Lamport Bassitt warns of further unscrupulous tactics in interest rate swap mis-selling scandal
June 11, 2013 (PRLEAP.COM) Business NewsWith evidence recently emerging of a previously unimagined number of customers being hit by interest rate swap mis selling, as well as of banks attempting to defect compensation claims, solicitors Lamport Bassitt have urged customers to keep fighting for the money to which they are entitled. The last few months have seen government intervention being sought out, as well as expert predictions that the Insolvency Service will help liquidators and administrators of firms that have been put out of business after agreeing to interest rate swaps.
Had interest rates not fallen to historic lows during the worldwide crash, the crisis may have been averted, but as it stands, the controversy is showing no signs of slowing down. Interest rate swaps were sold to people who were told that the products would essentially 'fix' interest rates for them, protecting them if interest rates rose to offset the costs incurred by them. However, if interest rates fell – which they did, hugely – customers would instead need to reimburse the banks for the money that they would lose as a result.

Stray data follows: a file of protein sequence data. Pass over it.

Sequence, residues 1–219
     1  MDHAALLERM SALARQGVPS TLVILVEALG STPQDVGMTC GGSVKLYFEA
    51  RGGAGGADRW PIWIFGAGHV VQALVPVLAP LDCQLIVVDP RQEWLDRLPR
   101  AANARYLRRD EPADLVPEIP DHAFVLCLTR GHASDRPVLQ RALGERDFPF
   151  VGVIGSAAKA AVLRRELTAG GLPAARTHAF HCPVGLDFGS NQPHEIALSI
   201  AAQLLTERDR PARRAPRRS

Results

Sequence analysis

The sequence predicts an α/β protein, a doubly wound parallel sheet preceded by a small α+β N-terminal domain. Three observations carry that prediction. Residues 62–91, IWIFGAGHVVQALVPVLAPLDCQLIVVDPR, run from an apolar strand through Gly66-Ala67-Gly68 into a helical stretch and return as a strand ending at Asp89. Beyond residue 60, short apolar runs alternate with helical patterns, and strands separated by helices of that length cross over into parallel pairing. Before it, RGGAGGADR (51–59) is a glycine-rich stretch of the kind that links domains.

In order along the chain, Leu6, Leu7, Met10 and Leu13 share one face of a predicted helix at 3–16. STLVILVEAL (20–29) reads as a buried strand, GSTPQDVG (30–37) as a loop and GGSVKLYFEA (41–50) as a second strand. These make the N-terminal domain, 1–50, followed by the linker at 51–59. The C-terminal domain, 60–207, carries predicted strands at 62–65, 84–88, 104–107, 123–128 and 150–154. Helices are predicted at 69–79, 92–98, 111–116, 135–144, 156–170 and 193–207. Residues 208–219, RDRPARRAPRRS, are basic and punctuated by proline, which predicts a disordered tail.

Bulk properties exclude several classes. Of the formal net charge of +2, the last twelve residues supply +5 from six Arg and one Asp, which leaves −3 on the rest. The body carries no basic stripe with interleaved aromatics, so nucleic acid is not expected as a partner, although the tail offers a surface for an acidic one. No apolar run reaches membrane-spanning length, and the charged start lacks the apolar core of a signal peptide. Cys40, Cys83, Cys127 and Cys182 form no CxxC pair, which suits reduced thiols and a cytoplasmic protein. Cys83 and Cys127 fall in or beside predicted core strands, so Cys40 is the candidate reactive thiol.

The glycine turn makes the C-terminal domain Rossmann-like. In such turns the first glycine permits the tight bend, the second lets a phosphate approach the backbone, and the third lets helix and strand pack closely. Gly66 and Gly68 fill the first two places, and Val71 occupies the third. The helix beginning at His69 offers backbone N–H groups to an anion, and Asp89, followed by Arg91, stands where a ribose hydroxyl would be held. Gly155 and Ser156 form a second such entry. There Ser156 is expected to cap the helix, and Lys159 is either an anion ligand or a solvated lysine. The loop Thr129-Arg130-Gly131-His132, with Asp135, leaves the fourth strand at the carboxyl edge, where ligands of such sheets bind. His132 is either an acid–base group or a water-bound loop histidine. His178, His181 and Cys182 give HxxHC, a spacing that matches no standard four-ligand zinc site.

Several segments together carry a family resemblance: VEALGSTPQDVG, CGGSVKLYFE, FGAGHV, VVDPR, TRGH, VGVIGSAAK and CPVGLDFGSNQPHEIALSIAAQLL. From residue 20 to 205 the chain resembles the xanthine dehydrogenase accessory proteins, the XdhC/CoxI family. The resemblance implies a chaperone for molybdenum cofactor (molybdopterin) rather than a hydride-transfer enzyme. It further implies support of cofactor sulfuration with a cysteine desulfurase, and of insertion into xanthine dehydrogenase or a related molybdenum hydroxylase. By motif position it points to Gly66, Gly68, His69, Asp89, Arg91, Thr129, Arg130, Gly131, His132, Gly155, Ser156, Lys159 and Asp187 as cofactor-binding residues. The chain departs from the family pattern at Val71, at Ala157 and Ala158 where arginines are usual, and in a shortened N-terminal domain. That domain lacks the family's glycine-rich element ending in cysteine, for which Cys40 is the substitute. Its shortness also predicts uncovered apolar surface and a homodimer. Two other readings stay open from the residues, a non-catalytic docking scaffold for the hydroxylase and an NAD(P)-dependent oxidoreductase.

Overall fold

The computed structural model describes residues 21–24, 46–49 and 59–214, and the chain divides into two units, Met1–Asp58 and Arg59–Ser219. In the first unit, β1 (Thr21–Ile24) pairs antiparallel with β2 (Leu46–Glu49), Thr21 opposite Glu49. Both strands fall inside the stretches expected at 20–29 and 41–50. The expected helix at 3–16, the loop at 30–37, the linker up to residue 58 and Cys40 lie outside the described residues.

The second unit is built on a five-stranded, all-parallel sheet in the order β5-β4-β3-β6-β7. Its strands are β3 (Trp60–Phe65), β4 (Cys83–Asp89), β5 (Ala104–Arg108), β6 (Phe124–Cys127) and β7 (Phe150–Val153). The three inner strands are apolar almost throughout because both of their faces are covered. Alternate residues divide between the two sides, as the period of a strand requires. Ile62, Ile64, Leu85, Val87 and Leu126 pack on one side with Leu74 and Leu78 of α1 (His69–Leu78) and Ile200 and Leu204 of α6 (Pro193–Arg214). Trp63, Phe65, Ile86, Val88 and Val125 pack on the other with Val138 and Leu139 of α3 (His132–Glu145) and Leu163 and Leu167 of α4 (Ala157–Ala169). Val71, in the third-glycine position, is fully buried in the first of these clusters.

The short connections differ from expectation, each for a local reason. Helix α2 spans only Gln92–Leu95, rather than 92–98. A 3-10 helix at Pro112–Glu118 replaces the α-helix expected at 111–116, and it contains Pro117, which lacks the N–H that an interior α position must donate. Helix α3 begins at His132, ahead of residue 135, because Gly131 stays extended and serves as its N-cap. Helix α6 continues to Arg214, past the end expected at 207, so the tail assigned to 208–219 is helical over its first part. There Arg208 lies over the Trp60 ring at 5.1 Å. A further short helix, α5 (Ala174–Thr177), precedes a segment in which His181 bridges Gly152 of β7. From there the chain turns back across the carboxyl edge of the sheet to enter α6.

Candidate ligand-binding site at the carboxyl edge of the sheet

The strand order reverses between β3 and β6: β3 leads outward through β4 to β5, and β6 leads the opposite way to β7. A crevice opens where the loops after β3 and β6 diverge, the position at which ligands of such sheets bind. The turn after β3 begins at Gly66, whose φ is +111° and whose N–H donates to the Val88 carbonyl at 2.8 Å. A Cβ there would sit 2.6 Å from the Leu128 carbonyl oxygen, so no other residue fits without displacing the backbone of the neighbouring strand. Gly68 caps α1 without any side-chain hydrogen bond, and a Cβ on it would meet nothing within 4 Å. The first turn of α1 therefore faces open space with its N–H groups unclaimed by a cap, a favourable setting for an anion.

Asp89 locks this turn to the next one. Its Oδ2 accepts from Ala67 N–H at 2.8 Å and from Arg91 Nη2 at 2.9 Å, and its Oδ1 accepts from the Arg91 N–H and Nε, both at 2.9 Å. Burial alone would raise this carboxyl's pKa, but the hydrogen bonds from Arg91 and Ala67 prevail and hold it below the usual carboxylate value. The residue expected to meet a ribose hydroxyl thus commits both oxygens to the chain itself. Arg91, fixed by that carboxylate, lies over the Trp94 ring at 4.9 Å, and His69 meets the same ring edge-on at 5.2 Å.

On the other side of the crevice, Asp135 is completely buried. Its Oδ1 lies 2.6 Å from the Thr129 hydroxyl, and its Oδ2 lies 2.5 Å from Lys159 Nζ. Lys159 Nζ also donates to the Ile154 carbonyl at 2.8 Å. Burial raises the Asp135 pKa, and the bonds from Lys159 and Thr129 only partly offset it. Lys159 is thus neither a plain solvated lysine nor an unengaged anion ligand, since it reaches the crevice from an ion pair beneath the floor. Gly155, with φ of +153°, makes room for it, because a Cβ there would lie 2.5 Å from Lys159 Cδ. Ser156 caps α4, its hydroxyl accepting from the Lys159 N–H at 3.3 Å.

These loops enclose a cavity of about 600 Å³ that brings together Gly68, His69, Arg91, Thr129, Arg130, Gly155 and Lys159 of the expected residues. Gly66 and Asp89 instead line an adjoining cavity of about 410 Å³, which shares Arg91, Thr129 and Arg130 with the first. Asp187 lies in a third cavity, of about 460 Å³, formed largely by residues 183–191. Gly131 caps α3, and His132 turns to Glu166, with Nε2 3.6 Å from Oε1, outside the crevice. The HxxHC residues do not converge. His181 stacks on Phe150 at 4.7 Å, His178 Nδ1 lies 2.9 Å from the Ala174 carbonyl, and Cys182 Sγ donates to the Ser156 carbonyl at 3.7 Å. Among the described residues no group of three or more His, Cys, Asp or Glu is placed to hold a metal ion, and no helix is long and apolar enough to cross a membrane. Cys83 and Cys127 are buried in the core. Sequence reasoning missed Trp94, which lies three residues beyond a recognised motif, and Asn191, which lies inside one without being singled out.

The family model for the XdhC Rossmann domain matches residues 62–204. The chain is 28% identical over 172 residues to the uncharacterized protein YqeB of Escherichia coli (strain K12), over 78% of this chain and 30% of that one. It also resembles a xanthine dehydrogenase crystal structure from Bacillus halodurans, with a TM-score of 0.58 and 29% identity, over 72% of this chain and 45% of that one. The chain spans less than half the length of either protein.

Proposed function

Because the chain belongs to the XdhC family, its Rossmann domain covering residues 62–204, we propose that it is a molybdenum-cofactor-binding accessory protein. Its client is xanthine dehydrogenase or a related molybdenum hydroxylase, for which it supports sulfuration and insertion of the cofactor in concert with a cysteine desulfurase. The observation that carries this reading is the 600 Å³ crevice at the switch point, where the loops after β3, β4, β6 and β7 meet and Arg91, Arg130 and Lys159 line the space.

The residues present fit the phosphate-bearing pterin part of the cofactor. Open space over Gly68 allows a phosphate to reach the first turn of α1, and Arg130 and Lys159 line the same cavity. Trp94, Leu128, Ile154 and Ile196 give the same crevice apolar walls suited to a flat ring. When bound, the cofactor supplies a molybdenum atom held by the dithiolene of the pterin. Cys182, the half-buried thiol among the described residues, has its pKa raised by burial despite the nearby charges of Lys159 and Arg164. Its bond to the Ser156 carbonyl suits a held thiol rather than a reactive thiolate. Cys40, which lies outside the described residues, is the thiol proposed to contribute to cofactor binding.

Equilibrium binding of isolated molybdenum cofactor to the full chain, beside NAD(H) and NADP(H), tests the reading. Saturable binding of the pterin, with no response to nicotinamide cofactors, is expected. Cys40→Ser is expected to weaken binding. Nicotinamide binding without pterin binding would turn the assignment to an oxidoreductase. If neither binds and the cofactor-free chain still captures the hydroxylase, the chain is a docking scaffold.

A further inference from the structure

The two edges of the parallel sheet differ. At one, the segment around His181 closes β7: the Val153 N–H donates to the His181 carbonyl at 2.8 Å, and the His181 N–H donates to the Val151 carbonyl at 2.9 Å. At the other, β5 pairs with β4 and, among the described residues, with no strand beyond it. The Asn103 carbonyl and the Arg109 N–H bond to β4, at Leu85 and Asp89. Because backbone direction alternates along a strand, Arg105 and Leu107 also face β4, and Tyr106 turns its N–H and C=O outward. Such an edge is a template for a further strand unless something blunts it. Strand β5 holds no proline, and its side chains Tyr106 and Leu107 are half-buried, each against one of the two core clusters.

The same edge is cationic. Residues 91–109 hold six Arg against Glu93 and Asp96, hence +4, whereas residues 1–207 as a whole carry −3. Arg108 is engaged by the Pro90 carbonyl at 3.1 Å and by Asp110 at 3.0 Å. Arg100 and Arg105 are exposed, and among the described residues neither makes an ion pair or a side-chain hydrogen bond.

It's said that whilst some customers had the resources to make an informed decision about whether the complex products were right for them, other smaller enterprises were likely to have been unable to grasp the risks that they were taking.
More interest rate swap horror stories emerging
However, more and more alleged swap mis-selling scandals are starting to come to the fore, with some reports claiming that some banks are attempting to deflect claims being made against them by exchanging interest rate collar products for other services which could prove equally damaging. Customers are being encouraged not to accept these terms and to instead keep fighting for compensation.
The Financial Services Authority, who were previously investigating the controversy, have now been replaced by the Financial Conduct Authority as of Spring 2013, yet whether the new body will be more or less efficient when dealing with such matters remains to be seen. It's been argued that the banks deliberately targeted struggling customers as they knew that their desperation could be exploited. Nonetheless, after suggestions earlier this year that not a single customer had been reimbursed for their distress, various bodies have pleaded for government intervention on the matter.